Her challenge this trip was being the one female amongst men. Mum had stayed home in Adelaide to look after the cats. From her cave and respite from the heat, Amie gazed over the valley.
The rest of the party were so preoccupied searching for Joseph, no one noticed her slip out of camp and out of sight up the gorge, over The Spring and into the hidden valley. She had to get away. She wanted to explore this weird and fascinating place where few people ventured.
‘Anyway, I’m looking for Joseph Smith, too,’ she told a passing rock wallaby that rested on its haunches, glanced at Amie, and then bounded down towards the dry creek bed.
The mountain looked like it had sunk from the top so that like in a Western it had the veneer of being high and mighty as much as a stumpy Central Australian mountain could be high, but behind the façade, the one-time plateau had worn away over millions of years into a pound. She crouched in her hollow, focused on the narrow end of the gully from where she had come. Sobbing, she wished she had eaten those potatoes.
She buried her face and dark locks in her arms and sniffled some more. Why him? Why did he have to get lost? She wiped the red dust from her arm with her tears and grumbled to the ground, ‘I bet the Wends never went without. Stupid Walter Wenke and his Wends. Get a life, Walter!’
A gust of wind whirred past her. ‘Yohelaihedo!’ It carried in its breath.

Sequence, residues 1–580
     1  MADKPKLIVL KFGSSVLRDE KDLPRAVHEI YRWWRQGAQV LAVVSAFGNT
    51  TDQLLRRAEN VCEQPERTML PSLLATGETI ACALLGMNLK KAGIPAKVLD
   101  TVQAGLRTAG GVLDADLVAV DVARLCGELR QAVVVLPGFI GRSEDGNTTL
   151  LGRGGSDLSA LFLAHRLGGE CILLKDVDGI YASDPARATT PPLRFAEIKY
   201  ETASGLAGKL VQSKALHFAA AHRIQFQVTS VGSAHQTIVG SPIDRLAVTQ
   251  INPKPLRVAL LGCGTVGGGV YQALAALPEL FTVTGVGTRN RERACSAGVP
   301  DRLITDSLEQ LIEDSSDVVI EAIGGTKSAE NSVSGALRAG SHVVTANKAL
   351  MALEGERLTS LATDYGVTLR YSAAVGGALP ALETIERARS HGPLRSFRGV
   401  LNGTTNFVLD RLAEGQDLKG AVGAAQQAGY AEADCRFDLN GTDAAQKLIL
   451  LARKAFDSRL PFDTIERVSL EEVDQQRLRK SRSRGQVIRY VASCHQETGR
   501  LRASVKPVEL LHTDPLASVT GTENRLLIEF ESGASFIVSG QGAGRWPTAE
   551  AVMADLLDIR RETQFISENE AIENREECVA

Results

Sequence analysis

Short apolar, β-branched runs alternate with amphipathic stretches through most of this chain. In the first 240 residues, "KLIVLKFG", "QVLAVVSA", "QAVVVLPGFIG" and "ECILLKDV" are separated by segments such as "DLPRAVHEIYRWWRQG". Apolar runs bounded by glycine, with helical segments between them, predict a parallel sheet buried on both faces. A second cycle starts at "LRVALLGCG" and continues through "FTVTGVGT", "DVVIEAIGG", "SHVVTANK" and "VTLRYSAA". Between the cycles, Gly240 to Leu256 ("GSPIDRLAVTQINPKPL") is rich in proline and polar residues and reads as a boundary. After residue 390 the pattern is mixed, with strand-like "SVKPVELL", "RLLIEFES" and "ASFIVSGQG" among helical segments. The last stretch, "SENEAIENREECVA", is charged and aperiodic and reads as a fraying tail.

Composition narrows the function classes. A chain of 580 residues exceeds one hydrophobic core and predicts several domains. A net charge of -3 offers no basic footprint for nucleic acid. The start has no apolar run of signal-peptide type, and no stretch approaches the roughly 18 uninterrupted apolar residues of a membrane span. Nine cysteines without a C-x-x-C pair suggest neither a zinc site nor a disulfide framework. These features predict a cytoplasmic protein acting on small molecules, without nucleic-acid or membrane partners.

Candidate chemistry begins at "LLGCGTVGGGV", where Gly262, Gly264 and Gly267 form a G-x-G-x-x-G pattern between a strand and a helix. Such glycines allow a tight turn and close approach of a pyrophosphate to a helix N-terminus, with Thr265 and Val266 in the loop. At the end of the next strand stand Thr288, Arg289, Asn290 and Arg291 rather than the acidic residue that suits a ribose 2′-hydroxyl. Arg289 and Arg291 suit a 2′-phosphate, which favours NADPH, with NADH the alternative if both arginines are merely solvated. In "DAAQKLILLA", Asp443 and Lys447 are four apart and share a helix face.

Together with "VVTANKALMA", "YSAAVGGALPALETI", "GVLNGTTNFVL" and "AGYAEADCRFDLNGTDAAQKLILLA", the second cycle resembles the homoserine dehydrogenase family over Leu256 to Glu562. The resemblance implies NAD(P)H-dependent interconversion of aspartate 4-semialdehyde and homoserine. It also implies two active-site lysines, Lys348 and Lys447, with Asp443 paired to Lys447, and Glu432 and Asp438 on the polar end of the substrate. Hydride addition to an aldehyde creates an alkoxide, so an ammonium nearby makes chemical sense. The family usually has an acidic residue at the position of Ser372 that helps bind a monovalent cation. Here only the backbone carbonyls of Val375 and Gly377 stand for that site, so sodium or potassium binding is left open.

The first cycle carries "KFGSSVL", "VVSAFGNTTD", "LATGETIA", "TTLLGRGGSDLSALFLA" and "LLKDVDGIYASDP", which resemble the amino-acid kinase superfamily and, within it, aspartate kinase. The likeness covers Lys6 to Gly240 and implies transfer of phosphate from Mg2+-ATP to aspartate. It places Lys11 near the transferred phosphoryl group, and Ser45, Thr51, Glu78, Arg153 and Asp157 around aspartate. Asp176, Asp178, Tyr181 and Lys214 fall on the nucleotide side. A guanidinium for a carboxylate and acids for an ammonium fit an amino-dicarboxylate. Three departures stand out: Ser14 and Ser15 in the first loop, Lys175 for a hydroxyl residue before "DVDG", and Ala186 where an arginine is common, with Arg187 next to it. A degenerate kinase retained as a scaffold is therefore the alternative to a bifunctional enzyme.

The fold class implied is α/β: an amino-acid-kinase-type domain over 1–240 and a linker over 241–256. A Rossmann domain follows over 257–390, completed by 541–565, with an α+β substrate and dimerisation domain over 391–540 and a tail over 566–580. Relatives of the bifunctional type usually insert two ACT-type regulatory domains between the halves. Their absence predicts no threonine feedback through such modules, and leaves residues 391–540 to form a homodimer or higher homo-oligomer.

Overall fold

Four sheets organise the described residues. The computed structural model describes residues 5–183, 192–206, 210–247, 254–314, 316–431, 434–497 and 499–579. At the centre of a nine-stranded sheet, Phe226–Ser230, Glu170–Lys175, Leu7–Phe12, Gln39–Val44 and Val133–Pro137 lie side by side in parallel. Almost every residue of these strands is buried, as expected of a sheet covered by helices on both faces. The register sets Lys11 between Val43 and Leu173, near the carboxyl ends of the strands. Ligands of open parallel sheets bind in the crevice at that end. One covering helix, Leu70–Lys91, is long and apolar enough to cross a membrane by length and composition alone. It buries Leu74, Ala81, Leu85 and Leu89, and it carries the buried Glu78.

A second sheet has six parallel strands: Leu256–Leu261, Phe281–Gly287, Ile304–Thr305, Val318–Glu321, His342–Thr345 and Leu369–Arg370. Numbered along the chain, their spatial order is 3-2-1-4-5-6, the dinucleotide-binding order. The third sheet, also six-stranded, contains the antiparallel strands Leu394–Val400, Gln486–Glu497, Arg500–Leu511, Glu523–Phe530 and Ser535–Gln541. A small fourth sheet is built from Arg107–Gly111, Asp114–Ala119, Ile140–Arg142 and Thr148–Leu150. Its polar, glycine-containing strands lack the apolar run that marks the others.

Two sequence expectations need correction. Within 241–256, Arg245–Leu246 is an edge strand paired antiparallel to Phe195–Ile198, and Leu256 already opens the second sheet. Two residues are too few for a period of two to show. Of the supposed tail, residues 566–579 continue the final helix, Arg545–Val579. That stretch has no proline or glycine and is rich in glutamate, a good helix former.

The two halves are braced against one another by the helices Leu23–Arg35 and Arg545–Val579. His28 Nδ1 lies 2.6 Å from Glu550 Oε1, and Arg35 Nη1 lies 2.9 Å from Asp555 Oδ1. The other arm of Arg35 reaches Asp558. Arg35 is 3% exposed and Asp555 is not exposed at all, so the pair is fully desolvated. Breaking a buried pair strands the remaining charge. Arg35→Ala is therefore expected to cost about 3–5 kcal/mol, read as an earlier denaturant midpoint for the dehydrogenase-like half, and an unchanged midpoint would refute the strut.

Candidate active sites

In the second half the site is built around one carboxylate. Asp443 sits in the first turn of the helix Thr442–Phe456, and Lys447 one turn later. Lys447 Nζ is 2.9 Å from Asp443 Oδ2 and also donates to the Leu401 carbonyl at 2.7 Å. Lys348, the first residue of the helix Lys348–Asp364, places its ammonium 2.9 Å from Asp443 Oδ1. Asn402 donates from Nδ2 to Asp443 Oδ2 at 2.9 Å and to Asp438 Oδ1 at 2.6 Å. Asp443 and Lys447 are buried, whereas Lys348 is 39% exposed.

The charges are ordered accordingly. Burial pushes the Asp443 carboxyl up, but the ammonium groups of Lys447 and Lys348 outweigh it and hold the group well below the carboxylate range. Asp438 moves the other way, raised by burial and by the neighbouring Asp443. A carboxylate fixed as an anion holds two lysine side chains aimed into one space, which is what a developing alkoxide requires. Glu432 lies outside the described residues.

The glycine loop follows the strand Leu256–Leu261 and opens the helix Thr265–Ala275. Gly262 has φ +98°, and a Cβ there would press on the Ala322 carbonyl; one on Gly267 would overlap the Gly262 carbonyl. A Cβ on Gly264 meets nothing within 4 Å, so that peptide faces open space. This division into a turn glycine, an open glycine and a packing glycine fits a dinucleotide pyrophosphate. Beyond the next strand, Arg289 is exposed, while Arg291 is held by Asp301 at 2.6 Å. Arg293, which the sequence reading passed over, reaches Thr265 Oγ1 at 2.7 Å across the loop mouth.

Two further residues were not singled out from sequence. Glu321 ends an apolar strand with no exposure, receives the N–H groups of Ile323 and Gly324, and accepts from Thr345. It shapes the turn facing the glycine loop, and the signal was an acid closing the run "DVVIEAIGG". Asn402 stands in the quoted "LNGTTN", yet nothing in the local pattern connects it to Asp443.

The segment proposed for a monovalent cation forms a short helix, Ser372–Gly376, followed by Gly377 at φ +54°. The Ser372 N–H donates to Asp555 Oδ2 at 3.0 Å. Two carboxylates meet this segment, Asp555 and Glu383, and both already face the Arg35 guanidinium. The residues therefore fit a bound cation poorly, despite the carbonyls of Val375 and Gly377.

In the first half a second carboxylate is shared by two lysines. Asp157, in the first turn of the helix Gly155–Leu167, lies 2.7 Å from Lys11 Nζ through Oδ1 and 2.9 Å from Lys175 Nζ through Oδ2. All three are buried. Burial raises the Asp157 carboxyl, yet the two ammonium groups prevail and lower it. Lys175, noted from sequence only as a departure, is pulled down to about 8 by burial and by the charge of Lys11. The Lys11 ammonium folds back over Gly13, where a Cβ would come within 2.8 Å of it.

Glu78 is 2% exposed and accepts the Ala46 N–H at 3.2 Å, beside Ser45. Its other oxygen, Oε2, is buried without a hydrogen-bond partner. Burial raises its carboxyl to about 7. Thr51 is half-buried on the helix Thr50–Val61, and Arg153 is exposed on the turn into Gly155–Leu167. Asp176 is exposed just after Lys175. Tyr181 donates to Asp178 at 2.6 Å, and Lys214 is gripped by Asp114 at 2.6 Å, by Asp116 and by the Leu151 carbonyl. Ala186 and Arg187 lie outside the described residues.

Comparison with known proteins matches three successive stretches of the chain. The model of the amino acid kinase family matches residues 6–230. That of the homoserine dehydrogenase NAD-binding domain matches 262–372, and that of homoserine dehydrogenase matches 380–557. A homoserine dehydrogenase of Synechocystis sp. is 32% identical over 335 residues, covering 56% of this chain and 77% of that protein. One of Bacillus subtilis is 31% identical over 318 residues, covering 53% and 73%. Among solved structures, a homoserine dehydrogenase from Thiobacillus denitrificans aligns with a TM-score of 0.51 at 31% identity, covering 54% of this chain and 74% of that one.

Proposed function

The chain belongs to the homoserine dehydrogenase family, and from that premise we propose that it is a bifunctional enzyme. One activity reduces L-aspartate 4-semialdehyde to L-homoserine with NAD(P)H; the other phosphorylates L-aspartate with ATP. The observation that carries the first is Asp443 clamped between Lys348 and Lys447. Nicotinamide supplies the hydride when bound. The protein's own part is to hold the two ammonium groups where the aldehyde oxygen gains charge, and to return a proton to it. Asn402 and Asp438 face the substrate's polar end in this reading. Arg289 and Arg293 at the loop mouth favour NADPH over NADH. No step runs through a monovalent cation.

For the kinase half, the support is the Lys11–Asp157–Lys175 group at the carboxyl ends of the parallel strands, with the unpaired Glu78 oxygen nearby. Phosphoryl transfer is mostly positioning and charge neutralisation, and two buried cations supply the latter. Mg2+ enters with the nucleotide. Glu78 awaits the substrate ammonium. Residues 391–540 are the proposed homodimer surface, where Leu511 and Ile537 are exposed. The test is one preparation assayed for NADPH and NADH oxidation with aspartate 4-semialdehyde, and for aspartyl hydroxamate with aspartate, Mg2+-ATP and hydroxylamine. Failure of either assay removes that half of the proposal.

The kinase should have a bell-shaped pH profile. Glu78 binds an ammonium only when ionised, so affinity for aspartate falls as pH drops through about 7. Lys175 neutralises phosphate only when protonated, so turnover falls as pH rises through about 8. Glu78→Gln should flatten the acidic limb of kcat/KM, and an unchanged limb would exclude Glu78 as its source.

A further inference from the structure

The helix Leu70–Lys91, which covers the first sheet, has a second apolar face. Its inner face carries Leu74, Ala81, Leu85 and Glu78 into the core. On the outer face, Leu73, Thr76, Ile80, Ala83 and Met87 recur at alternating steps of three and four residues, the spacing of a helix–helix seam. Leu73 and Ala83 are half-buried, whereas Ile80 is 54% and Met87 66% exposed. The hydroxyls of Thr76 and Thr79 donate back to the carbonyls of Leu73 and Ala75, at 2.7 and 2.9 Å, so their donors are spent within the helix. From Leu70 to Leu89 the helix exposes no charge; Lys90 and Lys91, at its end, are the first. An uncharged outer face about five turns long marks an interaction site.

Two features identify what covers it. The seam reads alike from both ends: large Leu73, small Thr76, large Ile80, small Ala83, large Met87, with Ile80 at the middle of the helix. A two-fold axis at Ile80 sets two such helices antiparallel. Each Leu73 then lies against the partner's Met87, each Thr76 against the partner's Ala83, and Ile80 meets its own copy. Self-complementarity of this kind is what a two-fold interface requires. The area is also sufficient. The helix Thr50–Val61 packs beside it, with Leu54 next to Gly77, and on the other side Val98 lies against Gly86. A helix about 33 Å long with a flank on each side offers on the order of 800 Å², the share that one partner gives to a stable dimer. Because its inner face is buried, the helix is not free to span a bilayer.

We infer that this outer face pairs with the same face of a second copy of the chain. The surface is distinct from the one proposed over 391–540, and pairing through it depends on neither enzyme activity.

Startled Amie looked up. The last remnants of a “wirly wirly”, a mini tornado escaped into the expanse of the valley. A soft breeze followed. As Amie stretched, wind flowed from behind her, from the cave. It surged through her, and she marveled at her glowing skin. She held out her hand which pulsated with a soft red light exposing her veins. What the—? Am I hallucinating?
Amie turned and peered into the cave. The light faded and all went dark.
Amie shrugged. She assumed she’d been resting too long and had fallen asleep. She sighed and decided to rest a few more minutes before heading back to camp at the base of this small mountain.
She swooned and drifted into daydream. There was something about this virgin timeless land that invited dreams. This land was untouched and anything seemed possible.
The scene before her blurred. A village appeared; a cluster of mud-brick houses surrounding a church with a high steeple stuck in the middle. The worn desert hills had gone, replaced by snow-capped mountains. The tune of the old hymn “Rock of Ages” sang in distant enclaves.
Amie blinked several times and waggled her head from side to side.
The spinifex stalks swayed and the golden landscape radiated with heat.
A head topped with honey-coloured hair matted like a birds nest bobbed in the mirage of bushes down in the middle of the valley. I’m not alone, Amie thought.
A flock of white cockatoos flew up screeching.
Amie shielded her eyes from the glare. Probably just one of the Indig guides hunting.
The guy with the matted hair sank into the valley and disappeared. Clumps of spinifex and the occasional native pine were once again the only inhabitants in this pound.
© Lee-Anne Marie Kling 2017
Photo: Hidden Valley © C.D. Trudinger 1981